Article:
Student of the great wizard Grandalf, Mickey Mouse, along with friends Donald Duck and Goofy, must face off against the Phantom Blot and his nefarious Team Black Phantom!
(1) The Phantom Blot, aka "The Lord of Deception," does appear here for a two-page rant of little consequence, but Peg-Leg Pete and the Beagle Brothers are nowhere to be found; "Wizards of Mickey"'s only thaumaturgical tiff in this relatively uneventful issue is with "Team Tapestry" and its "knitted warrior" come to life.
(2) Another team on the side of the magical "angels" makes its debut here: "Team Diamond Moon," consisting of our old friends Minnie, Daisy, and Clarabelle. (No, they don't dress in schoolgirl pinafores, though Minnie, somewhat to my dismay, sports the unbecoming "lipstick look" that various comic-book artists gave Mickey's girlfriend in the 50s and 60s.) The distaff diviners claim a victory of their own in the ongoing sorcerers' tournament, do the character-interaction "thang" with the boys, and then conveniently vanish from the scene during the battle with "Team Tapestry." They'll no doubt appear again soon enough, given that Donald is enamored with Daisy (even to the point of enlisting Goofy's help in an attempt to serenade her) and Minnie, the self-described "Princess of Moonland" (hm, maybe she and Usagi Tsukino have more in common than I thought!), appears to be something of a "big cheese" in this still-rather-nebulously-defined "universe."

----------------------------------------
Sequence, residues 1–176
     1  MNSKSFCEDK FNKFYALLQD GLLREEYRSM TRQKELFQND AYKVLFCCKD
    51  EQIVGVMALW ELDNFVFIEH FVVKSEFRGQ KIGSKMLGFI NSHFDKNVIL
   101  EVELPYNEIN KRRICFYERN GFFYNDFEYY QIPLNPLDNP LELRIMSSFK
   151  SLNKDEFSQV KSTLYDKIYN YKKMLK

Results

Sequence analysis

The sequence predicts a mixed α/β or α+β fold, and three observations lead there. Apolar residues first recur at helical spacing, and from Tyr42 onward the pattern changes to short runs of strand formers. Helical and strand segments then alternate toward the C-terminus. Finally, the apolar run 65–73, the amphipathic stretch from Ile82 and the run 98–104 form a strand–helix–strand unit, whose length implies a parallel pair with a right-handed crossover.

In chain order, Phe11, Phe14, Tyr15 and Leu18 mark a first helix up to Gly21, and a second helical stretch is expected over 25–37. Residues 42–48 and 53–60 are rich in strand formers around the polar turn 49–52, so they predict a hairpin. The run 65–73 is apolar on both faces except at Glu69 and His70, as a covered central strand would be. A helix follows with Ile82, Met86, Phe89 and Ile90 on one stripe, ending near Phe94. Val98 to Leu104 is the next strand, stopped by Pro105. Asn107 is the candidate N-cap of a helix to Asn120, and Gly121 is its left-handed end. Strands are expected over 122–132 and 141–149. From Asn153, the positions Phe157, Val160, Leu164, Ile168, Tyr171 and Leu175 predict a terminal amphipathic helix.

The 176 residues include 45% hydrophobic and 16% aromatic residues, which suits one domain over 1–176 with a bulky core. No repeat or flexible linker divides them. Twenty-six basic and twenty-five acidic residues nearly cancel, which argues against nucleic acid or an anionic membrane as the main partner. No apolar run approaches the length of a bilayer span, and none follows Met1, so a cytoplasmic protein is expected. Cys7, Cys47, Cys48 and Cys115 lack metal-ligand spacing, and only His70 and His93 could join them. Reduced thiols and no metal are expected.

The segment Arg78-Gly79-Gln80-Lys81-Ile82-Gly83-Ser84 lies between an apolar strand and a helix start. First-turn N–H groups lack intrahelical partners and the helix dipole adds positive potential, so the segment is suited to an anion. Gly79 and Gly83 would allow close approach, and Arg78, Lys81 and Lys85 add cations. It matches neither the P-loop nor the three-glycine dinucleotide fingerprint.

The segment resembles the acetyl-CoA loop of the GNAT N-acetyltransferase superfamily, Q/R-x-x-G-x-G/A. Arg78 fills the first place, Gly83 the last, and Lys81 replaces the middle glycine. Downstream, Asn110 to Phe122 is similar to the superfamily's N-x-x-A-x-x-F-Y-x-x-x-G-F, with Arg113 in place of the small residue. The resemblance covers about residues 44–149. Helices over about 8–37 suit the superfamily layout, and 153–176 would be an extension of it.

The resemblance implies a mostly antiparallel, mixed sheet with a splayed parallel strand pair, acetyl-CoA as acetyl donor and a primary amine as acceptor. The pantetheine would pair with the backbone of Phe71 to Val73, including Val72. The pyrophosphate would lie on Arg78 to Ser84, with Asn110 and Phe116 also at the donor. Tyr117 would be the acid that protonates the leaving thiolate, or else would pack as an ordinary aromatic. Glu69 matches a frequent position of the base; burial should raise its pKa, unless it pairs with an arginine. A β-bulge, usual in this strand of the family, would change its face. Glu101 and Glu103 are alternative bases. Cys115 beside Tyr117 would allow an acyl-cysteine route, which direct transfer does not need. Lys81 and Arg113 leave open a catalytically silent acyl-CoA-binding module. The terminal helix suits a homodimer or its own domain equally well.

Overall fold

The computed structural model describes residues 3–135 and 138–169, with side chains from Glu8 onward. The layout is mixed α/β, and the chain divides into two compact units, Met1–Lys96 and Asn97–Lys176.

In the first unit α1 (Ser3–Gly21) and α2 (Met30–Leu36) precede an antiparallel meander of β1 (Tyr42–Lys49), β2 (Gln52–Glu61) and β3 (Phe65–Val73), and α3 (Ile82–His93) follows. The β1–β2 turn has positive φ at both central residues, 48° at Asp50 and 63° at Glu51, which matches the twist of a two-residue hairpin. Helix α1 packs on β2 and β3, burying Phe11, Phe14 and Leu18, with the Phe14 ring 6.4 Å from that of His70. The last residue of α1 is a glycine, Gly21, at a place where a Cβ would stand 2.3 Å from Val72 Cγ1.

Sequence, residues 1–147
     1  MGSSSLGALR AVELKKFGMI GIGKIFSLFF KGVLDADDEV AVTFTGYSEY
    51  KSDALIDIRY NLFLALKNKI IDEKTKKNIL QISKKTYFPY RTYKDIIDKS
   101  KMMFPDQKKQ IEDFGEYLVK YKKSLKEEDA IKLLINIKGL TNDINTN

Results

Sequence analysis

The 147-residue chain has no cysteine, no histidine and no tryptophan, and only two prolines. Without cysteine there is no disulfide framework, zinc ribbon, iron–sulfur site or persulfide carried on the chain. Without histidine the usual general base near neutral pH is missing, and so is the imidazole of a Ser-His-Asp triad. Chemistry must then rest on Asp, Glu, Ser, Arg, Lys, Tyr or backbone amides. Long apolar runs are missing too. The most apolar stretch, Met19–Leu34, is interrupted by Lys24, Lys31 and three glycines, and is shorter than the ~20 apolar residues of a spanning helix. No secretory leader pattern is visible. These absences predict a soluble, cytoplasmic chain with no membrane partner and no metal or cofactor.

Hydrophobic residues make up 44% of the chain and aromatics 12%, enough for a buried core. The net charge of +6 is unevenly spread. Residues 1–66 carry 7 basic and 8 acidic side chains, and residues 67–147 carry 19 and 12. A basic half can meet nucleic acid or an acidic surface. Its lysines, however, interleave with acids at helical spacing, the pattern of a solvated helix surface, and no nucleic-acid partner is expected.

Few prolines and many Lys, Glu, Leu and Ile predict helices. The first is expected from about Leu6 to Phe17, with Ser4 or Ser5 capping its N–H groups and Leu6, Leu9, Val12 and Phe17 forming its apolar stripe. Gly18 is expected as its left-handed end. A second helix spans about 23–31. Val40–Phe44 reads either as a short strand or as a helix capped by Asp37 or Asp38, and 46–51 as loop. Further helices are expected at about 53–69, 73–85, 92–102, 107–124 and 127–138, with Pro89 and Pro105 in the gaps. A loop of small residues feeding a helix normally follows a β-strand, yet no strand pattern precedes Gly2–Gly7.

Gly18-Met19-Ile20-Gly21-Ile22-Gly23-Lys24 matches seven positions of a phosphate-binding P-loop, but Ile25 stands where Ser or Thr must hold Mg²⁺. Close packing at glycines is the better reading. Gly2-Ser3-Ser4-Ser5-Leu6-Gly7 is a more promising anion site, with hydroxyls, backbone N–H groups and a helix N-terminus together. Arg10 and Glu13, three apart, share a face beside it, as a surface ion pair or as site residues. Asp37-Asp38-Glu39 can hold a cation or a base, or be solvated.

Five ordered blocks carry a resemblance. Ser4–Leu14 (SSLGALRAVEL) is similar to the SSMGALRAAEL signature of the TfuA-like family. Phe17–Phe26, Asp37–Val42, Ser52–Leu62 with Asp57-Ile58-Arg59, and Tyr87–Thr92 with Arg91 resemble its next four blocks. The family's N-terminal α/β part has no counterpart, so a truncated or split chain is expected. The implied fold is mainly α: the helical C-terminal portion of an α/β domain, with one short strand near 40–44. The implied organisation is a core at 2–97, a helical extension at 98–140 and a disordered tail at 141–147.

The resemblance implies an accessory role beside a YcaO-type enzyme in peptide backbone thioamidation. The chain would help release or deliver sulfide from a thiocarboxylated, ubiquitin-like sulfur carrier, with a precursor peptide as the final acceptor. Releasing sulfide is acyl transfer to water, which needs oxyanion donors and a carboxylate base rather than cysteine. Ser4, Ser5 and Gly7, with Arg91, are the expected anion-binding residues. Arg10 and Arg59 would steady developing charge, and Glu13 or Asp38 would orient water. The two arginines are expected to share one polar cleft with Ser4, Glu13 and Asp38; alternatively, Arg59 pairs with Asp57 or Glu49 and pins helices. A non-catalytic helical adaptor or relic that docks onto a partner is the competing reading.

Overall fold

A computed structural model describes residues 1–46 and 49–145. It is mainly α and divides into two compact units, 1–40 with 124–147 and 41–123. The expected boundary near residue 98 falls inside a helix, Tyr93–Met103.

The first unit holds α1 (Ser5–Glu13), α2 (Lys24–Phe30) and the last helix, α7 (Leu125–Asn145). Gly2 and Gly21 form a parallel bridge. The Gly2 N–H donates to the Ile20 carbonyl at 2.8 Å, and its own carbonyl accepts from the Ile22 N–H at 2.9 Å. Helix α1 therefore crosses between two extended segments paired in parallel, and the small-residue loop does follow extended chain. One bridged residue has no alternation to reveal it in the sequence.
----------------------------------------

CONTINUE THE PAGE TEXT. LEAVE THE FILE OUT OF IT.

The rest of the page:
(3) Who is this "Grandalf" they blurb of? Mickey's master Nereus is still imprisoned by "The Lord of Deception" but finds time to perform another "information dump" on Mickey through the medium of a magical medallion. Apparently, The Blot's minions all wear medallions bearing the letter M. Unless M stands for "Magic" -- which seems rather silly in this world, given the pervasive use of sorcery -- this ranks as the most mystifying use of that initial since the English translation of Go Mifune's name was not accompanied by a similar updating of his clothes.
Hopefully, Boom!'s PR people will catch up with the actual story in time for the next issue. Lest you think that I'm dissing #299, it's actually not that bad, despite the relative lack of forward plot movement. I even got an extra laugh out of Clarabelle's magical shtick of divining fortunes; it reminded me in a weird way of her House of Mouse role as "cast gossip." Needless to say, the shtick does come with something of a catch...